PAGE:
The current political climate appears to be one that wants to dismember the Healthcare Act, also known as Obama Care and replace it with Trump Care. At least some of the politicians are suggesting it. I do not see either of these two options as viable long term. In the long run, whether you support one or the other, healthcare will become so expensive, that no one will be able to afford to have a physician, much less benefit from the advances we make in healthcare. Just read the Healthcare Act or review the ideas behind Trump Care, and you'll be shocked by the expansion of revenue generated by the health insurance companies, hospitals, drug companies and pharmacies. Physicians and nurses have been long left out of the reform, meaning they have to fight for every penny they can. They fight for the scraps.

When health care becomes so expensive that only a select few may receive it, the people will rise up. Americans always do. Regardless of your political views, when your child cannot get medical help for an ailment, or when your mother cannot be treated for her heart disease, or when your dog has more access to sound medical care from their veterinarian more than you do in an emergency room, you will push for a single payer system regulated by the government. But here's the downside of a single payer system: it's as corrupt or even more so than the current system we have.

I spoke to a well respected cardiologist yesterday, who asked me to help him communicate his concerns to a woman we both care for. We have shared the care of this delightful lady for fifteen years. She is an eighty-five years-old Medicare patient afflicted with atrial fibrillation as well as a number of other ailments. She refuses to take anticoagulants of any kind because of their side effects. The cardiologist wants to dismiss her from his practice because she's not following his prescribed therapy. On the surface, he seemed to be troubled about her welfare, since he continued to profess that she had a high stroke risk at eighty-five years-old. Every eighty-five year-old person has a higher than average stroke risk. But the real issue is that if she does not take an anticoagulant medication, he will not be paid by Medicare because he is not providing her the standard care associated with a cardiologist, criterion establish by his fellow cardiologists. He did not believe that an eighty-five year-old woman had the right to make a decision about her health that was not in accord with the standard of care in cardiology. Since when did he decide that his patients did not have a right to make their own decisions about their care or refuse to take a medication for any reason?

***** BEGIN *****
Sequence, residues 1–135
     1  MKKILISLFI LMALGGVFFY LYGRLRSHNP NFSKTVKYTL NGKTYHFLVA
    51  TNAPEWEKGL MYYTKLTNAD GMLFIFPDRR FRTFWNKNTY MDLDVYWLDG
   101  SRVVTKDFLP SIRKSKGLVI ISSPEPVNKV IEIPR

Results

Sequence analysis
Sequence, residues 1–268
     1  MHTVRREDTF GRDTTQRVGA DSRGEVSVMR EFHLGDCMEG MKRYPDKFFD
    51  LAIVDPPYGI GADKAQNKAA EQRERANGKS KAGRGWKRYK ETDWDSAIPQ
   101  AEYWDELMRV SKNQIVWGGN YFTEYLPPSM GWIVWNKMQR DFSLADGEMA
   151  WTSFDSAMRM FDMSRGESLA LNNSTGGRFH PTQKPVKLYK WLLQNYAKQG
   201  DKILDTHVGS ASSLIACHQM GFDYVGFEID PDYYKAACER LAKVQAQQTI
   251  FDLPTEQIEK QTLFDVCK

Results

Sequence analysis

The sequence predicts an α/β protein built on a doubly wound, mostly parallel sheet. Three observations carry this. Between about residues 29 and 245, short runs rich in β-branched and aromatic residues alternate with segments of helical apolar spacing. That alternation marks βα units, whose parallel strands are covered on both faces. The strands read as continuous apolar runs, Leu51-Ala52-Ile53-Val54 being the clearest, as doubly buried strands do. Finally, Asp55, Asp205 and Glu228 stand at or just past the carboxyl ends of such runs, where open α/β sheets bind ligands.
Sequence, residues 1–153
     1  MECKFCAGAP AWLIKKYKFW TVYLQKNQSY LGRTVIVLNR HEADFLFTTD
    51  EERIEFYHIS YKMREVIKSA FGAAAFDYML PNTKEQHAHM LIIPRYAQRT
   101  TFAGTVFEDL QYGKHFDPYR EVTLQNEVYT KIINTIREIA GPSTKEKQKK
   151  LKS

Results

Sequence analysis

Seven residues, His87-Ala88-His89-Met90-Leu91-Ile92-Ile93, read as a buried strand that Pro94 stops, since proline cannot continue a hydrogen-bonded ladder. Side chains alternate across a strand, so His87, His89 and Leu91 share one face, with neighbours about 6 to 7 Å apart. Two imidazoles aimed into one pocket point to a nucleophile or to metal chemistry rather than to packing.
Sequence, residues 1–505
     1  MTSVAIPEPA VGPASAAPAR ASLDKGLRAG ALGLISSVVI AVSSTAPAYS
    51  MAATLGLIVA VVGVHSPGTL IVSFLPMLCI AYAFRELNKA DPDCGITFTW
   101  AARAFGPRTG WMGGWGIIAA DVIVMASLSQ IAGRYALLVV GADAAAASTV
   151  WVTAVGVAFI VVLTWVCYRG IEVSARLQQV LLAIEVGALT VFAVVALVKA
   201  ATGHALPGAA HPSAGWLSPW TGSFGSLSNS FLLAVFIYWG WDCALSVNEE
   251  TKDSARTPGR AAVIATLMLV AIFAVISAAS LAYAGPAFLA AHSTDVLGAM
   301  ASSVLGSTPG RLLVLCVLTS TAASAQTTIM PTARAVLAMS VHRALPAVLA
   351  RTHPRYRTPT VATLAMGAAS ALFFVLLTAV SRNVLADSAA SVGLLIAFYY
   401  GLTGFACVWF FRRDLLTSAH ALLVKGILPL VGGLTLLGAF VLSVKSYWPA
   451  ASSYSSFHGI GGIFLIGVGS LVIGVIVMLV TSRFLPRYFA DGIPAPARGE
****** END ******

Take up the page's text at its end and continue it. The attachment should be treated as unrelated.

In a single payer system, you will most likely lose your right to make decisions for yourself. If you choose against the prevailing wisdom of the specialists who have been paid by the drug companies to sponsor their drug treatments, you will not be cared for by the specialists. That's okay if you have a great generalist who supersedes a specialist, but the medical schools are artificially restricting the number of physicians they're producing and the doctors that are graduating are not going into general medicine or primary care. The politics of medicine is destroying the practice of medicine, all for the sake of multi-million dollar CEO's of hospitals, drug companies, biotechnology firms, commercial clinical laboratories, and pharmacies in drug and grocery stores. But don't fret.

By the time most of this healthcare stuff is worked out, the majority of you reading this blog post will be dead and gone. Your children might be battling for their life, but you will have already lived yours to its greatest extent possible. You will leave this healthcare mess for your children and their children to clean up if they are given the right to re-organize it.

Hot Potato, Hot Potato.

Baker Man, Thief.

Doctor, Lawyer, Indian Chief.

Make a Wish.

Touch the Sky.

Let me Stick a Needle in Your Eye.

 

I remember those funny rhymes. Do you? Healthcare, the hot potato, isn't funny anymore. I think it never was.

 

Doc.

Posted by Amanda Sanders at 10:35 AM